Notice that a positive lens inverts the image.

An image will be produced to the right of the lens only if $d_{o}>f$ . If $d_{o} , the lens is unable to converge the rays from the image to a point, as is seen in figure 3.7. However, in this case the backward extension of the rays converge at a point called a virtual image, which in the case of a positive lens is always farther away from the lens than the object. The thin lens formula still applies if the distance from the lens to the image is taken to be negative. The image is called virtual because it does not appear on a ground glass screen placed at this point. Unlike the real image seen in figure 3.6, the virtual image is not inverted.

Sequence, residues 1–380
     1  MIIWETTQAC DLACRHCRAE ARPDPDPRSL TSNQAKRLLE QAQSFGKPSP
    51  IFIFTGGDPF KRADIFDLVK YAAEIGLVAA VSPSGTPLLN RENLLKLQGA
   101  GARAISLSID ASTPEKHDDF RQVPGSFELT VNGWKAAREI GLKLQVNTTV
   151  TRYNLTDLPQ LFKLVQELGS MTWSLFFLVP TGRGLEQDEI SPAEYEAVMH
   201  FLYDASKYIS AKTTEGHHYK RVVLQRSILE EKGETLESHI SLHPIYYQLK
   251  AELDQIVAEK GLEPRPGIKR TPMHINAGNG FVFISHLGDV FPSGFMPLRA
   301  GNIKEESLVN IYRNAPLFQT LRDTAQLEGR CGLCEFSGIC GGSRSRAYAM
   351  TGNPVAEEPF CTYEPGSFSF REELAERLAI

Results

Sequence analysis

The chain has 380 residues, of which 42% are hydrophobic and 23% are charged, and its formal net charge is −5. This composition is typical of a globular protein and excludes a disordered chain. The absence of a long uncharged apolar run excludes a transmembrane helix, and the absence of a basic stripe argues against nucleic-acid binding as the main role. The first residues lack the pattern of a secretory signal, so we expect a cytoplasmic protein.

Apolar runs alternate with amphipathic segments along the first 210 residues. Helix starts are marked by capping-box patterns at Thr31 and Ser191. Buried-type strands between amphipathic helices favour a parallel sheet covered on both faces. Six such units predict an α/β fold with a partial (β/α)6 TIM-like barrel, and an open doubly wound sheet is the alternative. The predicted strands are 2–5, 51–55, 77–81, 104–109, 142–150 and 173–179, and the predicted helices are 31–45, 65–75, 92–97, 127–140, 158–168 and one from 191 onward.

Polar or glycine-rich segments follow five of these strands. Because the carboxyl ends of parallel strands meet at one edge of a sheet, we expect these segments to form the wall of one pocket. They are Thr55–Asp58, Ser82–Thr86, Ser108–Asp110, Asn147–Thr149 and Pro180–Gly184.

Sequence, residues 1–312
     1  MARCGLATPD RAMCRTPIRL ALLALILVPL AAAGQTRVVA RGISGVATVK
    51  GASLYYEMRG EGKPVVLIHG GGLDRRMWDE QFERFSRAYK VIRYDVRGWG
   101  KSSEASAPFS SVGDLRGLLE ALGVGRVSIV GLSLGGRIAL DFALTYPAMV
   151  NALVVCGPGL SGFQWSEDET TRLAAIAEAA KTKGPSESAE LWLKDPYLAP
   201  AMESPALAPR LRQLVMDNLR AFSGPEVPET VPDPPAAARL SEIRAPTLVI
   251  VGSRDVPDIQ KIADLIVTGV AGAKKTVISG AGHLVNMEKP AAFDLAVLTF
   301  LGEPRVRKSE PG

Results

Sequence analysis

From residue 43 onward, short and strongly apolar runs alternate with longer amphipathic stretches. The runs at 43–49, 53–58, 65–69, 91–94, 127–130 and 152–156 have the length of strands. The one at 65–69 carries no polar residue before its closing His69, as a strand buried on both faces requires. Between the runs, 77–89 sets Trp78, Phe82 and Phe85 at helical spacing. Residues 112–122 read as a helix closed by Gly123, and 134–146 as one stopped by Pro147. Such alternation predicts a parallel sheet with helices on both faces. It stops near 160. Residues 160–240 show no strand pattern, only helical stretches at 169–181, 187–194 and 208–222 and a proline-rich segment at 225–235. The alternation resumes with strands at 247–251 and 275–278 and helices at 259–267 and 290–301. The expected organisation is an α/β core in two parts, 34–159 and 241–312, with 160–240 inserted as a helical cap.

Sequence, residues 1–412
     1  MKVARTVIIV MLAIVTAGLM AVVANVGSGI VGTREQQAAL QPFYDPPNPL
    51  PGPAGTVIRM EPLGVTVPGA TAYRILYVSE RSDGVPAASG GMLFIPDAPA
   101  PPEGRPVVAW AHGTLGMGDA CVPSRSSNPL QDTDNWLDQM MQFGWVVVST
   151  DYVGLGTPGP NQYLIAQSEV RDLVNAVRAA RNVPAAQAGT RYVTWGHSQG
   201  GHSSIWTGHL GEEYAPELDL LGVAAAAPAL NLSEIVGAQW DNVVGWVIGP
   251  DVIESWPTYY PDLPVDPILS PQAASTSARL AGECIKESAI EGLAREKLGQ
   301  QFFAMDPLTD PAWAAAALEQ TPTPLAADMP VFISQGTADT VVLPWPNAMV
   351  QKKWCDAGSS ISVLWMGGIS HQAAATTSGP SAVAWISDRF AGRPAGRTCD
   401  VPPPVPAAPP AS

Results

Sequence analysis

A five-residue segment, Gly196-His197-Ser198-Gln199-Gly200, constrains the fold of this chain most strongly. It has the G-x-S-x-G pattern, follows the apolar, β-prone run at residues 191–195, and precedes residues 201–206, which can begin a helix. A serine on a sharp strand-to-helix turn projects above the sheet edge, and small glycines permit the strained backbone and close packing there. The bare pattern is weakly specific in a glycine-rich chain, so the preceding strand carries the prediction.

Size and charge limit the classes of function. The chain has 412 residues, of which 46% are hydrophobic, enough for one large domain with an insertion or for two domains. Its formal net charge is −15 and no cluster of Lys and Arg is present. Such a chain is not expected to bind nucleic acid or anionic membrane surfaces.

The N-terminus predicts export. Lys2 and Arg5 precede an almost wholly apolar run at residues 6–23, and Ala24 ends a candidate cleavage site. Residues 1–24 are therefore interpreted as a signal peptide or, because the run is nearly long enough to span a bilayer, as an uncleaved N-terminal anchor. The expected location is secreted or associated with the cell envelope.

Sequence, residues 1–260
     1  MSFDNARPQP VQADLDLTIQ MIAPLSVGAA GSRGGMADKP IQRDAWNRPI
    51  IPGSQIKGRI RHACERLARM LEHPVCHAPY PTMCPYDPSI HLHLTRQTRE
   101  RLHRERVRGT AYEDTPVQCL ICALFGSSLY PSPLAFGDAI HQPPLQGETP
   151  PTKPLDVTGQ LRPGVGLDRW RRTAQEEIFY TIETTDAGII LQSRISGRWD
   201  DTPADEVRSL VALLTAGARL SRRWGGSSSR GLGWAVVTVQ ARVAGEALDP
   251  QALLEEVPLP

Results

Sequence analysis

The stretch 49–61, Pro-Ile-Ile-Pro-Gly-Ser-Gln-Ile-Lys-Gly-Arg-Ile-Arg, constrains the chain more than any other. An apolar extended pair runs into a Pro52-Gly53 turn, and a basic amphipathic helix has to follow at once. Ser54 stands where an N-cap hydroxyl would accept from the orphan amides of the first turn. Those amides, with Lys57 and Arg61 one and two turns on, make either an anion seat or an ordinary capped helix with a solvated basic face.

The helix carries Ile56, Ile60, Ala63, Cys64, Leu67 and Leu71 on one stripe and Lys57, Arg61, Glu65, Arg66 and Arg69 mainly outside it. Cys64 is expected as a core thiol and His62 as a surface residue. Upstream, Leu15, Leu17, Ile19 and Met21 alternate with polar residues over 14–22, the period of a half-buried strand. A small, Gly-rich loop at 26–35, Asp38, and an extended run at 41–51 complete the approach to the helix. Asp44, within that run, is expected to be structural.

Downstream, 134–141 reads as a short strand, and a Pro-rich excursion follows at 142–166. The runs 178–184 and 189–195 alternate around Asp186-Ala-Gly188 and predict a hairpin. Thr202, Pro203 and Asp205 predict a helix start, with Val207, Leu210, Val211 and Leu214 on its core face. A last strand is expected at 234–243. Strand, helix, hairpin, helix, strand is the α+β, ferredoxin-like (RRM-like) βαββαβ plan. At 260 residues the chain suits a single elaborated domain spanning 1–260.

A negative lens is thinner in the center than at the edges and produces only virtual images. As seen in figure 3.8, the virtual image produced by a negative lens is closer to the lens than is the object. Again, the thin lens formula is still valid, but both the distance from the image to the lens and the focal length must be taken as negative. Only the distance to the object remains positive.

Curved mirrors also produce images in a manner similar to a lens, as shown in figure 3.9. A concave mirror, as seen in this figure, works in analogy to a positive lens, producing a real or a virtual image depending on whether the object is farther from or closer to the mirror than the mirror's focal length. A convex mirror acts like a negative lens, always producing a virtual image. The thin lens formula works in both cases as long as the angles are small.

Waves : Geometrical Optics
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Problems